Omnichannel is the latest buzzword for brands when considering their customers, and it has complex implications in particular for the high-tech/electronics industry.
Literally meaning “all channels,” omnichannel is more than just a fly-by-night concept. Companies are facing increased pressure and demand from consumers to transform the traditional shopping experience into one that transcends dimensions and challenges traditional expectations. While familiar to the high-tech/electronics industry, this trend is permeating all aspects of the experience, from browsing to purchases to making a return. Consumers want access to a seamless cross-channel shopping experience that tests the capabilities and innovation of high-tech/electronics manufacturers and developers. This, coupled with the short product lifecycles of high-tech/electronics products, creates an environment of significant challenge and opportunity.
The UPS Pulse of the Online Shopper study conducted in early 2013 by comScore highlights what customers want from their pre-purchase, purchase, delivery, and post-sales (or reverse logistics) experiences, revealing that mobile and social platforms are increasingly influencing consumers' preferences, behaviors, and expectations.
According to the study, in a typical three-month period, half of online shoppers who use a smartphone and nearly 60 percent who use a tablet make purchases on these devices. And seven out of 10 online customers use a digital channel to purchase a product like a new cellphone, computer, or gaming console when there are multiple purchasing options. Most significantly, additional comScore data shows that, in the last quarter of 2012, online sales of mobile phones and portable devices themselves were more than 40 percent higher than in 2011, making digital devices and channels an important area of focus and growth for the industry.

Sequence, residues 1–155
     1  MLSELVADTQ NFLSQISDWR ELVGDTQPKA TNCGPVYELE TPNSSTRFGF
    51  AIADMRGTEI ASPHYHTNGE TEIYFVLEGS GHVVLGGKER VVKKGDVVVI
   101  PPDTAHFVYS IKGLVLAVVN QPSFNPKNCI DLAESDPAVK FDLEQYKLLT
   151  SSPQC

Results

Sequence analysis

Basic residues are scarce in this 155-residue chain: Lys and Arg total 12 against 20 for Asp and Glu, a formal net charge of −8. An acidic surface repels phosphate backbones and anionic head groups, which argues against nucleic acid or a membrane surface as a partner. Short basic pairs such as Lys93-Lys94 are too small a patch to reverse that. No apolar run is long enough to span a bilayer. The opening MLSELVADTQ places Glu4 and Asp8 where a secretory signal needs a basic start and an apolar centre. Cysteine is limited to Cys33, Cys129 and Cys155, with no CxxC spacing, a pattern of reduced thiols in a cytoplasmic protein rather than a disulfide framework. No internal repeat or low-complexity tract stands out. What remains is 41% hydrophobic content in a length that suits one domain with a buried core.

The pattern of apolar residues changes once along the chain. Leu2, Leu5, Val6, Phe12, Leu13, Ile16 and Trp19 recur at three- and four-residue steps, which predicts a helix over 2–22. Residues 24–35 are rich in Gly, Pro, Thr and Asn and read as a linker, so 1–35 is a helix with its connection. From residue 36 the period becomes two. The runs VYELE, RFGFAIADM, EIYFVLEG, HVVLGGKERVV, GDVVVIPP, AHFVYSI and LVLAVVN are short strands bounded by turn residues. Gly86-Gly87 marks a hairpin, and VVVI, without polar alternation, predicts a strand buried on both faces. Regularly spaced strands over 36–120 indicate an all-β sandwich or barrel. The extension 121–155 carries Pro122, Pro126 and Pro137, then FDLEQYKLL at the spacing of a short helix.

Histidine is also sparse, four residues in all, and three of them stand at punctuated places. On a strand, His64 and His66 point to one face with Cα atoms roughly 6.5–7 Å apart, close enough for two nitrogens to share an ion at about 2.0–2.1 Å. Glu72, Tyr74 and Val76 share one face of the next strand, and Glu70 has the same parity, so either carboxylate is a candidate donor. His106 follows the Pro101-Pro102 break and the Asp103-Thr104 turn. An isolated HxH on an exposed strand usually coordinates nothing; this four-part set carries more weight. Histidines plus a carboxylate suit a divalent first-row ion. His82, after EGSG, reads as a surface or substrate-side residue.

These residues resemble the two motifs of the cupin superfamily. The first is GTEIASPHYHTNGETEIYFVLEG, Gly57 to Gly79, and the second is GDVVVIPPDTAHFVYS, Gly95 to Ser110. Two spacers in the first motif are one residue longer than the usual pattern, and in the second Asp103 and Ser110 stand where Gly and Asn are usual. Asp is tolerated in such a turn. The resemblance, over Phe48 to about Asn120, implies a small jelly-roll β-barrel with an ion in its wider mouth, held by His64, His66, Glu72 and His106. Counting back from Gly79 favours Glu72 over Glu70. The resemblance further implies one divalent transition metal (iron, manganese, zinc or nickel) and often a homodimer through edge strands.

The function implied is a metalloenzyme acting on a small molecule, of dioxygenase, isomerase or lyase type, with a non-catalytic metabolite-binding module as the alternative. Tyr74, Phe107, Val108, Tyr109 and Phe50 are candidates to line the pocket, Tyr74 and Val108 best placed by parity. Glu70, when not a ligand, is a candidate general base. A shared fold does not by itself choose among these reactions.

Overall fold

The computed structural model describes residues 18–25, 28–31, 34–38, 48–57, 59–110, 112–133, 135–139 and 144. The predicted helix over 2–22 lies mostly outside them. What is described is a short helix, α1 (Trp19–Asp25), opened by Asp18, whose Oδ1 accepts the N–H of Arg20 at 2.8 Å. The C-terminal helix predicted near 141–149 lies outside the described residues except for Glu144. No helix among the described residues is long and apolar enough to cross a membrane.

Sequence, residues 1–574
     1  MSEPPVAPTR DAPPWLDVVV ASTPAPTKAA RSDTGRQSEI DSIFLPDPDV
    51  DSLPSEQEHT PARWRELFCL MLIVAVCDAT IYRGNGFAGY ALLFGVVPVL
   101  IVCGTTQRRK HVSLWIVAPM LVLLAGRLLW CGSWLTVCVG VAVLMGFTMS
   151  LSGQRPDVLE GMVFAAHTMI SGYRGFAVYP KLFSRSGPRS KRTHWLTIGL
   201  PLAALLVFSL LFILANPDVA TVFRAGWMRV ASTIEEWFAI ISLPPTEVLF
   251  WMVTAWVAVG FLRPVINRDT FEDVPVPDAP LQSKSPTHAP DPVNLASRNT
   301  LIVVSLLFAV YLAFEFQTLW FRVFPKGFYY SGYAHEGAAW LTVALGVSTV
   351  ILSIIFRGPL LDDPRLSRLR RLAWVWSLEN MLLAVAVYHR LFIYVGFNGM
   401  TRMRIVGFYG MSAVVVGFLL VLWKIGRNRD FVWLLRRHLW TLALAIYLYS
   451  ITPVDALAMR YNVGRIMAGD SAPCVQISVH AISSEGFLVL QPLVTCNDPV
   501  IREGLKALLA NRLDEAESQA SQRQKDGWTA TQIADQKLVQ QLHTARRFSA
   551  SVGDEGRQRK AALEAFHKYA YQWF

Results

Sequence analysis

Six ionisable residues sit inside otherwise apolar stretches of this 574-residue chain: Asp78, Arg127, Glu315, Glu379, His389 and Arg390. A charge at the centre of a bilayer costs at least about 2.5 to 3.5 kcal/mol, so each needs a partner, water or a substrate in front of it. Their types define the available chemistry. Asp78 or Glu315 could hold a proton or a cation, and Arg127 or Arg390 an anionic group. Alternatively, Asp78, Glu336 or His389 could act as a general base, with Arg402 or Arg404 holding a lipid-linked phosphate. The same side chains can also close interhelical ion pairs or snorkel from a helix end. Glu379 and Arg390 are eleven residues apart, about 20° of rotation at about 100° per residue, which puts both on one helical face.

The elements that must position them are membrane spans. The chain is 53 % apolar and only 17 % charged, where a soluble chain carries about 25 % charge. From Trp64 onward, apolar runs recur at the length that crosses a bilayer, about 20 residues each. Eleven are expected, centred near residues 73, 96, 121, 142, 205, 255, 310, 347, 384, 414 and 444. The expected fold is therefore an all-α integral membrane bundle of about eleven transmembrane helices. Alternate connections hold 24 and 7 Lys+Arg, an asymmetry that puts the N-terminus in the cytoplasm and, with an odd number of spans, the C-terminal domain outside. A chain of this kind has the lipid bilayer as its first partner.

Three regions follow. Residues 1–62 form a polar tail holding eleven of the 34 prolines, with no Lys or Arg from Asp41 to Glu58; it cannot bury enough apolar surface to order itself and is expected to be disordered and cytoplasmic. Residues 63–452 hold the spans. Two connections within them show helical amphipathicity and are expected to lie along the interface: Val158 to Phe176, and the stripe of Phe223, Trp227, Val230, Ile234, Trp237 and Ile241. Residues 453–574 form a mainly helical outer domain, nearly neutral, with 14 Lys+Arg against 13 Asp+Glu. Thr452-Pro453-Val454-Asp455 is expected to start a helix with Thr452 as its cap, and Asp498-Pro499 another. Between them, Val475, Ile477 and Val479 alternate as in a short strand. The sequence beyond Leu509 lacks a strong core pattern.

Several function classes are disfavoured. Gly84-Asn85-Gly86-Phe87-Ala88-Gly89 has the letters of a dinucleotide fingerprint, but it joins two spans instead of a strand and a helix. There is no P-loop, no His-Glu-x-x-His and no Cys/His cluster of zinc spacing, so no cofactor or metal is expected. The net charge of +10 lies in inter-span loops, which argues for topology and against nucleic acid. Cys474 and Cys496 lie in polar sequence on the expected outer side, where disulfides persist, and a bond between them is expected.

The growth of e-commerce, along with shopping from mobile devices, is aimed at simplifying the shopping experience for customers buying that new phone, computer, or tablet, but it can complicate things for high-tech/electronics companies — especially when you keep in mind how important the fundamentals of the shopping experience remain in the mind of the shopper.
Along with increased demand for an omnichannel experience, consumers continue to value an easy checkout process (81 percent), a variety of shipping options (73 percent), and ease of returns/exchanges (62 percent). It's important for high-tech/electronics companies to bear these essentials in mind when building their omnichannel offering, along with their shipping and reverse logistics plans.
Having a robust reverse logistics plan is vital for the high-tech/electronics industry, where products have a high value and can often be refurbished or recycled to regain some of that value. The ability to return an item in-store or have free return shipping encourages 81 percent of the online shoppers to make a purchase when debating completion. Electronic equipment is one of the top products returned by consumers, so having a flexible and convenient return policy is important.
The capacity to cater to the ever-evolving expectations of the modern phone, computer, or tablet customer is becoming essential to success and a differentiator among competitors. As emphasis on the omnichannel experience grows, incorporating these priorities into the electronics purchasing experience will be increasingly important.
Even more so, the recovery and gradual shift of the economy back to a consumer-driven market will place a greater focus on the ability of the high-tech/electronics manufacturing industry to keep pace with these trends.